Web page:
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Don't mine the Tarkine

tarkine-devil-and-forest
Tasmania's Tarkine is one of the world's last wild places, a broad region of wilderness and rugged coastline. It's home to one of the largest remaining tracts of untouched rainforests in the southern hemisphere, and more than 65 rare and endangered species like the wedge-tailed eagle and spotted-tailed quoll. But if mining company Shree Minerals gets its way, the Tarkine could also be home a short-term mine that could endanger the last-known healthy Tasmanian devils in the world.

This isn't the first time this mine has come up against community pressure. When former Environment Minister Tony Burke first approved the mine, passionate locals took the Government to the Federal court - and won. The court found that Minister Tony Burke had made a "fatal" decision to approve the mine without due attention to the conservation advice for the endangered Tasmanian Devil, and overturned his approval.

Now, just one week later, Mark Butler might be about to approve the mine again. Use this page to write to Mark Butler, and urge him not to let the mine go ahead.

Departmental advice shows that the proposed mine development would likely introduce the Devil Facial Tumour Disease into the Tarkine's disease free stronghold.

Excerpts from Department-approved advice on the mine:

21. The primary threat to the survival of the Tasmanian Devil is Devil Facial Tumour Disease (DFTD), an infectious, malignant cancer spread by biting and fighting over food mating, establishing dominance or during juvenile dispersal. Populations in the north-west (including the study area) are considered the last stronghold that is disease free. There is a real risk that indirect impacts from project activities could increase the spread of this disease, endangering the north-west population stronghold.

47. The department concludes that based on the current information (final EIS), the proposed offset of part of the mining lease will be inadequate compensation for the loss of in excess of 150ha of habitat for the affected listed threatened species, particularly the Tasmanian Devil.

The greater threat to the Tasmanian Devil population in the Tarkine region is the spread of Tasmanian Devil Facial Tumour Disease (DFTD). The Tasmanian Devil population in the Tarkine is currently DFTD free and further development in the region may accelerate the spread of the disease.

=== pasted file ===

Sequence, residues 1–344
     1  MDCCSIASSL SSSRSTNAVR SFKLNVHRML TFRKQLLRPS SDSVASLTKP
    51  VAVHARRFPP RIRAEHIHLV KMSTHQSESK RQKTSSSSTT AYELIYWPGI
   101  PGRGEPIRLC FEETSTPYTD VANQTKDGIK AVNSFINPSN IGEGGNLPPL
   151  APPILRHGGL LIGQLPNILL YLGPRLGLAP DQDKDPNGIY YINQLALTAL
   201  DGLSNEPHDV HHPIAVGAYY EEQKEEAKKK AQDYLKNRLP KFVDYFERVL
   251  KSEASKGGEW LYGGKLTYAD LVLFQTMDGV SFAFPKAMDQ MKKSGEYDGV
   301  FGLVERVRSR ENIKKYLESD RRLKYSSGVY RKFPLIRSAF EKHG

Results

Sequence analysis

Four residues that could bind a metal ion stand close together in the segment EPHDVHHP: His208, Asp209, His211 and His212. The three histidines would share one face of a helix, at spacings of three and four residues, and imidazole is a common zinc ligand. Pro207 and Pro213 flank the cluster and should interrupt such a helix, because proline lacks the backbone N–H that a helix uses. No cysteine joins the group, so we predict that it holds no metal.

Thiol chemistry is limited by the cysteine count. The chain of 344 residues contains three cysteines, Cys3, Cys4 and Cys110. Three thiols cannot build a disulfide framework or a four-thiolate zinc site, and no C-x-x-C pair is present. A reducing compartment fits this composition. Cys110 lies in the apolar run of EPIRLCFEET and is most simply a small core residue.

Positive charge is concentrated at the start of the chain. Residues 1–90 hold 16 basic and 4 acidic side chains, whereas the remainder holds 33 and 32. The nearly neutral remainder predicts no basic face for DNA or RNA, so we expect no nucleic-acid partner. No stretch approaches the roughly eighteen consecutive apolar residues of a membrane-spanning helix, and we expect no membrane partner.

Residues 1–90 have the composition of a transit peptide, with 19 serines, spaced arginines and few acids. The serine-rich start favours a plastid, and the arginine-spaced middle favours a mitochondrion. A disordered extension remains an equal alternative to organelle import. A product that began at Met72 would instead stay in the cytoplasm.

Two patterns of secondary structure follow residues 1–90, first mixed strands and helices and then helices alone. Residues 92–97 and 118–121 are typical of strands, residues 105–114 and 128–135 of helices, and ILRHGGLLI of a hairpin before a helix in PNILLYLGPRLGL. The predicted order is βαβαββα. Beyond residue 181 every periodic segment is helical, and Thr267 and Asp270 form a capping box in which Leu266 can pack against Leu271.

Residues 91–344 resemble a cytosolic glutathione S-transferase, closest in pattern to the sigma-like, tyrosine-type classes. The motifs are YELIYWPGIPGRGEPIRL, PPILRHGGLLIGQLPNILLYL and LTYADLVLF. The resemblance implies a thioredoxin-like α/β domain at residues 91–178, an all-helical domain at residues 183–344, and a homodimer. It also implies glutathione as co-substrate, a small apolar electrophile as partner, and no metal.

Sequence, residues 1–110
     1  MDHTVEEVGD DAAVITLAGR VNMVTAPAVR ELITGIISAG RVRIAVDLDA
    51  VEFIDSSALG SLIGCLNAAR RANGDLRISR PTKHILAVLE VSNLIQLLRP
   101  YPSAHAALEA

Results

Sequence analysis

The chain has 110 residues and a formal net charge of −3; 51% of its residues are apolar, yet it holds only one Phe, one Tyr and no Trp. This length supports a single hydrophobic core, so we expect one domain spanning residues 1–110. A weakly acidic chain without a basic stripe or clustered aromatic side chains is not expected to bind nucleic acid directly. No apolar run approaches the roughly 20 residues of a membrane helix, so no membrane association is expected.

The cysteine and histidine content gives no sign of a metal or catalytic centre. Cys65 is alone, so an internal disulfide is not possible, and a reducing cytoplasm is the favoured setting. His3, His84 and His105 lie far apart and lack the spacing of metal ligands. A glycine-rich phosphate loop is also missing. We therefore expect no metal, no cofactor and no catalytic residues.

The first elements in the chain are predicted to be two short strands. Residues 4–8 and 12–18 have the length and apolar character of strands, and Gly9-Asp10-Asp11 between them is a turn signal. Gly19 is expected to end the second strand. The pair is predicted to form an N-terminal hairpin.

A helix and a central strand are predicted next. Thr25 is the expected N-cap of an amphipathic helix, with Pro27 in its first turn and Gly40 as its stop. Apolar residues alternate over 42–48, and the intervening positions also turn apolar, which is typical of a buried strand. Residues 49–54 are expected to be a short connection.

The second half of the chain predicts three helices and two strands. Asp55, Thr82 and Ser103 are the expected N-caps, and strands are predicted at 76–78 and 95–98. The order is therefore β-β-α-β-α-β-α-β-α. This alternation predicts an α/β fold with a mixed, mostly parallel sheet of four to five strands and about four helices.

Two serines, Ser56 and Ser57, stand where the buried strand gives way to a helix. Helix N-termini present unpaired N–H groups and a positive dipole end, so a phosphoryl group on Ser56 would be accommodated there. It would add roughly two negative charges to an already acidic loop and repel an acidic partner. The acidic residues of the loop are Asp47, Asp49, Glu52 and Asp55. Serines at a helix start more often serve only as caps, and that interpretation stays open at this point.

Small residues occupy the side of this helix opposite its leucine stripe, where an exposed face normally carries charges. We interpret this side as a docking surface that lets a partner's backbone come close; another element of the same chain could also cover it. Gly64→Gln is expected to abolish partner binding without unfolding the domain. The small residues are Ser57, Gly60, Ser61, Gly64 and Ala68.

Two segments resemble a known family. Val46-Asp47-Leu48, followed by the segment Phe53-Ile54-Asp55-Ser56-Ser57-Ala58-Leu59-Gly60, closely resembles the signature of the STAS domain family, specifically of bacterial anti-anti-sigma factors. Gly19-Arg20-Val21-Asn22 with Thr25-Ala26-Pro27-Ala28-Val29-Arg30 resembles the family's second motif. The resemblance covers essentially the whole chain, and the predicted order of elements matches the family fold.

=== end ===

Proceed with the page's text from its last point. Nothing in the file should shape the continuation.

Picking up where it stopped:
From the Supplementary Recommendation Report Nelson Bay River Magnetite / Hematite Mine, Tasmania (EPBC 2011/5846), Department for Water, Environment, Sustainability, Population and Communities.

18. The department considers that the proposal is also likely to facilitate the spread of the Devil Facial Tumour Disease (DFTD) by promoting increased mobility and intermingling of Tasmanian devils, through increased availability of attractants such as anthropogenic food waste and roadkill, and through dispersal routes such as cleared road verges and other miscellaneous cleared areas. These potential impacts are difficult to quantify, but are considered to be significant because:
- DFTD is the key threatening process for the species;
- the proposal is in an area that is currently relatively unaffected by DFTD; and
- the impacts of the proposal contribute to the cumulative impacts of proposed and likely development within the region.

21. The FHPZ (fauna habitat protection zone) proposed by the proponent is not considered by the department to constitute effective mitigation or compensation for likely impacts – the habitat of the FHPZ is of questionable quality in comparison to that which would be lost, the security of the FHPZ is limited to the life of the mine, and inadequate consideration has been given to impacts on Tasmanian devils already resident in the FHPZ.

23. (In relation to the Tasmanian Devil) However, the department considers that residual significant impacts remain likely, particularly in view of potential cumulative impacts of development in north-western Tasmania,

27. (In relation to the Spot-tailed quoll) However, the department considers that residual significant roadkill impacts remain likely, particularly in view of potential cumulative impacts of development in north-western Tasmania,

31. However, the department considers that residual significant roadkill impacts remain likely in the case of the wedge-tailed eagle, particularly in view of potential cumulative impacts of development in north-western Tasmania,



-- From the Recommendation Report Nelson Bay River Magnetite / Hematite Mine, Tasmania (EPBC 2011/5846), Department for Water, Environment, Sustainability, Population and Communities.

Write to Minister Mark Butler

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